Wednesday, October 1, 2008

The Vitamins in Your Lawn

Wait! Do you KNOW how much nutrition is in that green vegetable you were about to kill? That's right, I'm talking about those weeds with the cheerful yellow flowers that homeowners love to hate - dandelions. According to the USDA Bulletin #8 "Composition of foods", dandelions rank in the top four most nutritious green vegetables. In fact, just one cup of that dandelion has:
  • 147 mg of calcium
  • 244 mg of potassium
  • 203 mg of Vitamin K
  • 19% of daily recommended allowance for iron & 28% of the DRA for Vitamin C
  • Over 10,000 IUs of Vitamin A! (Third richest of all foods after cod liver oil and beef liver!)

(Source: Jonny Bowden's 150 Healthiest Foods on Earth)

Furthermore, dandelions are:

  • Free

  • Easy to grow :)

  • One of the first vegetables to appear in the spring, and again in the fall

So why waste this incredible source of nutrition, shown to be great at detoxifying the liver and increasing bile flow? Why spray nasty herbicides to get rid of a valuable vegetable? Instead, you could (carefully wash the leaves and then) throw the leaves in your mixed green salad, put it in your minestrone or omelet, and juice it up with some lemon and apples. AND you can treat the root like a carrot - put it in stir fries, soups, or sautee it up with some garlic and onions.

OK - so I admit there is a reason not to eat it. Some dandelion leaves taste pretty bitter. In fact, to prepare for this post, I sauteed up a batch with olive oil and lemon - and couldn't finish it all. Too bitter! But, then, this morning I juiced a cup of dandelion leaves with a sprig of mint, 1/2 a lemon, and an apple - and yum! The bitterness gave the juice a nice edge. I plan to use the leaves in small portions, as part of bigger meals. It seems they are so incredibly nutritious that even a little bit is beneficial (sort of like parsley).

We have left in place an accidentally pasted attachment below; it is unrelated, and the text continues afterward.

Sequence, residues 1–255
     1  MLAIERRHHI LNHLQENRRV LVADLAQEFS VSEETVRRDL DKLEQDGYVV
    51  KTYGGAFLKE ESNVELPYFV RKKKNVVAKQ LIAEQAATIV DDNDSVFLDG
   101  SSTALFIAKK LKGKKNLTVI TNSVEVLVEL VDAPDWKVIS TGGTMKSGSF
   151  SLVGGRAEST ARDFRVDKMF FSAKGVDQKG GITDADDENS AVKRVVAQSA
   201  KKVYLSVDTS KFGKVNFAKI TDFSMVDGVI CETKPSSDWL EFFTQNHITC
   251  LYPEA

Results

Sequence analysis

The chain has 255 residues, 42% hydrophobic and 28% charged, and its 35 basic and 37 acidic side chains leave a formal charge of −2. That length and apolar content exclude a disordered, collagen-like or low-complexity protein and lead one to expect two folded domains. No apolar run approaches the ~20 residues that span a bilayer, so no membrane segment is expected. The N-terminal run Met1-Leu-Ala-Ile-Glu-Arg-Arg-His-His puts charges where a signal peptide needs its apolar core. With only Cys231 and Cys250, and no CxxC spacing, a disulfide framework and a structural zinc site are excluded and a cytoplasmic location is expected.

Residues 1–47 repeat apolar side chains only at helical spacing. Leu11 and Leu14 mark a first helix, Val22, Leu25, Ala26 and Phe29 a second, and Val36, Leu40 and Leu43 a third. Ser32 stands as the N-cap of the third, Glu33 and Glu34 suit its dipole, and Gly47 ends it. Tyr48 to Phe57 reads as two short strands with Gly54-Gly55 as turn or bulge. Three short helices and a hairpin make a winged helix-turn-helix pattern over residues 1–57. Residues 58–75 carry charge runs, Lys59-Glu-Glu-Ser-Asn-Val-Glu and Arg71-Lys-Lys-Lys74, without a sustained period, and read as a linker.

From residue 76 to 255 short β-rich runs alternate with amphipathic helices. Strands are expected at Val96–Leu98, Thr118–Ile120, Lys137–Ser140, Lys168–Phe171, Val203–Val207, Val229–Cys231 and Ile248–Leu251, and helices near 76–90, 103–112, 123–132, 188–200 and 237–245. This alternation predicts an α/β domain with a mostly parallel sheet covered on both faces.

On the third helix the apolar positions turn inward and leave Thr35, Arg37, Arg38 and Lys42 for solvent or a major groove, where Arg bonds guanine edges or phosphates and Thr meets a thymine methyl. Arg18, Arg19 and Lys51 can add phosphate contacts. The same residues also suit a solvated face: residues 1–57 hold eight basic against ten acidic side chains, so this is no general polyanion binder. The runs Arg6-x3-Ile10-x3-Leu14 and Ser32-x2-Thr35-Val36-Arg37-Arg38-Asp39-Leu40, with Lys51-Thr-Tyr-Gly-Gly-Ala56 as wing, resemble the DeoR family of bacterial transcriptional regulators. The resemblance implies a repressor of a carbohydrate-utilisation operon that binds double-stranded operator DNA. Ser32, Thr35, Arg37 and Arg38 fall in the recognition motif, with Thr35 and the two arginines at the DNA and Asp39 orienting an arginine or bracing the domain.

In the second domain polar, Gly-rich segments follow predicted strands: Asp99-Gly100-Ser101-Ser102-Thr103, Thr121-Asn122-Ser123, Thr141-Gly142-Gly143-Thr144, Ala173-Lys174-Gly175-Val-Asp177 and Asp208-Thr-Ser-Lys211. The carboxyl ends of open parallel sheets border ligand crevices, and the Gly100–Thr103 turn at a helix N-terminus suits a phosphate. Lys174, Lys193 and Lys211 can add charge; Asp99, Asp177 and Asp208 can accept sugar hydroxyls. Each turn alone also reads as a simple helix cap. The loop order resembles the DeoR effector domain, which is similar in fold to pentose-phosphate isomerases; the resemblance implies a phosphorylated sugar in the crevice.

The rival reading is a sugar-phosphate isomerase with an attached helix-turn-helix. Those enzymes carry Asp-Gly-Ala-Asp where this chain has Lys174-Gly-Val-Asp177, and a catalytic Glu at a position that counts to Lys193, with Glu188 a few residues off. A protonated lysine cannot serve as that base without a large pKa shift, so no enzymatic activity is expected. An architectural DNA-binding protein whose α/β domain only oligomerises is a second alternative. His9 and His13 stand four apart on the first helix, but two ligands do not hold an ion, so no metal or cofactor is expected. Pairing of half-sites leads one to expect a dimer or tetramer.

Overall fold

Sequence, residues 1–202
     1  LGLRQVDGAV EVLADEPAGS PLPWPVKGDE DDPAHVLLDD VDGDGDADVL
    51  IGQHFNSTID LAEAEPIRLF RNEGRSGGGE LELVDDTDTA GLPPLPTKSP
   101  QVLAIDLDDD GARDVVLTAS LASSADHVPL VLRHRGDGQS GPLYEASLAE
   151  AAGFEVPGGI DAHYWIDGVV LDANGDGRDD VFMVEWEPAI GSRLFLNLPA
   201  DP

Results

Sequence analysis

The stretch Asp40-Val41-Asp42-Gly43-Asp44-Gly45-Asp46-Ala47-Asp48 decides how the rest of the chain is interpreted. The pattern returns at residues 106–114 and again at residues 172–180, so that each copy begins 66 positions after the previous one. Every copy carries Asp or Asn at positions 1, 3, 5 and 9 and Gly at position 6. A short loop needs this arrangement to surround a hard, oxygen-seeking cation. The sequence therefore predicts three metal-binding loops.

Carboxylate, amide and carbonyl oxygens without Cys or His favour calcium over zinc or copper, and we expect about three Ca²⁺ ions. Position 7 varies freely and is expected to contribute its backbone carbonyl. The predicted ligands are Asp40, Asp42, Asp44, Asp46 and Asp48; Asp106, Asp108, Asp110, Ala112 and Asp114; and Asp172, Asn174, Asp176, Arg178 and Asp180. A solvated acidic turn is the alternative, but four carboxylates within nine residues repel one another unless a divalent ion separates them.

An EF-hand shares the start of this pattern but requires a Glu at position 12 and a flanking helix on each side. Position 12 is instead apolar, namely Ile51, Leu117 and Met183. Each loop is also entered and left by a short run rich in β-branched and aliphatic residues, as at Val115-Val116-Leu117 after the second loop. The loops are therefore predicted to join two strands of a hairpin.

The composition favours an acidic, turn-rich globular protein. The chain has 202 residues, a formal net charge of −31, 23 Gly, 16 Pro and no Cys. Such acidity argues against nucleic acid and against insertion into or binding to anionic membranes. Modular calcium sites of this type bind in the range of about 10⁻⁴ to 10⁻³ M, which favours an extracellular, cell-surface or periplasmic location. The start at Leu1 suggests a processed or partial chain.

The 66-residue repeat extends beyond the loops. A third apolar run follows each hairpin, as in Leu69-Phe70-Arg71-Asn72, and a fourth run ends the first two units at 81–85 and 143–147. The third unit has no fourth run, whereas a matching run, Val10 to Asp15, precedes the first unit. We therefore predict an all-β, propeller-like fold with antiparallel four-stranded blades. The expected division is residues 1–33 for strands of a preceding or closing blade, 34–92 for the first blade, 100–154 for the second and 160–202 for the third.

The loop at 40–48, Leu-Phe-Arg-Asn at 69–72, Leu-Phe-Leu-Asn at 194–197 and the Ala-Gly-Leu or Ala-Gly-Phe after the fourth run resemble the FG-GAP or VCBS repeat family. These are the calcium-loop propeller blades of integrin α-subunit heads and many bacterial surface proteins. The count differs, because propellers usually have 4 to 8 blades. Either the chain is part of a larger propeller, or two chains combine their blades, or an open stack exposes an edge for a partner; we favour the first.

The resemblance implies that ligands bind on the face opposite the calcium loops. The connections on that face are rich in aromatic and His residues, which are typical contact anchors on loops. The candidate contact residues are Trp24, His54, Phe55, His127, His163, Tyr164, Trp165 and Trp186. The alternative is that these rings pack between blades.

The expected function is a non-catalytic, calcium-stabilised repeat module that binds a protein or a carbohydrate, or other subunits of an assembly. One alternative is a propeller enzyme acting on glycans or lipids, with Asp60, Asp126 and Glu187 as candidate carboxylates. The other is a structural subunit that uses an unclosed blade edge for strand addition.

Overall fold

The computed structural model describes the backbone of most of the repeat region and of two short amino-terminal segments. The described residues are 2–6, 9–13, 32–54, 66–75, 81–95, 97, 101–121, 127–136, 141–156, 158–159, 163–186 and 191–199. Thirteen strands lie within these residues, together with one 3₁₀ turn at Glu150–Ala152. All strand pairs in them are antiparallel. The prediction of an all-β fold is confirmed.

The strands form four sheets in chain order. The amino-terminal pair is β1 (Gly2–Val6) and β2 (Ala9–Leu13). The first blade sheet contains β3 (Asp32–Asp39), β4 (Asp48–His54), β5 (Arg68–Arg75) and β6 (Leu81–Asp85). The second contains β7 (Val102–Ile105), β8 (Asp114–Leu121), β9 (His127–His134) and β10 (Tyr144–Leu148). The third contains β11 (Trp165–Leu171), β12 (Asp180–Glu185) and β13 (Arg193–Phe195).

But wait! Don't kill that purslane either! Also treated as a weed by confused lawn-owners, purslane has the highest omega-3 concentration of any green leafy vegetable. Also 90 mg of calcium, 561 mg of potassium, and 2,000 IUs of vitamin A in a cup. Full disclosure: I haven't tried purslane yet.

Hey, I'm a novice gardener, and I like a plant that grows easy, propogates itself, and has few diseases or pests to bother it. And in case I'm ever down to wheat berries and rice in my food storage, I know where to get my vitamins - from my lawn.

4 comments:

Verde said...

Good for you for trying it out. I guess spring dandelions are tastier.

Purselane grows really well in my garden, I should try it.

One Dog said...

Yes, dandelions are excellent in the Spring. I harvested them several times very early this past Spring, and they were very good -- a delicate flavor, not bitter at all. And all the better because they're one of the very first things that starts to grow!

Hausfrau said...

Guess I need to try again in the spring!

Alison said...

Yes, I'd try them in the spring too. There are other weeds that are good, though I can't think of them all off the top of my head. I've eaten the leaves of violets that grow in woodland, wild onions and garlic are also quite abundant in my area. My favorite I think is the blue flowers of spiderwort.

Usually it helps if you can identify wild flowers down to their family because some families are more edible. Try the book Botany in a Day by Thomas Elpel.

Dandelions bring nutrients up from the deep layers of the soil and will grow if we don't allow the native species that do that job to grow.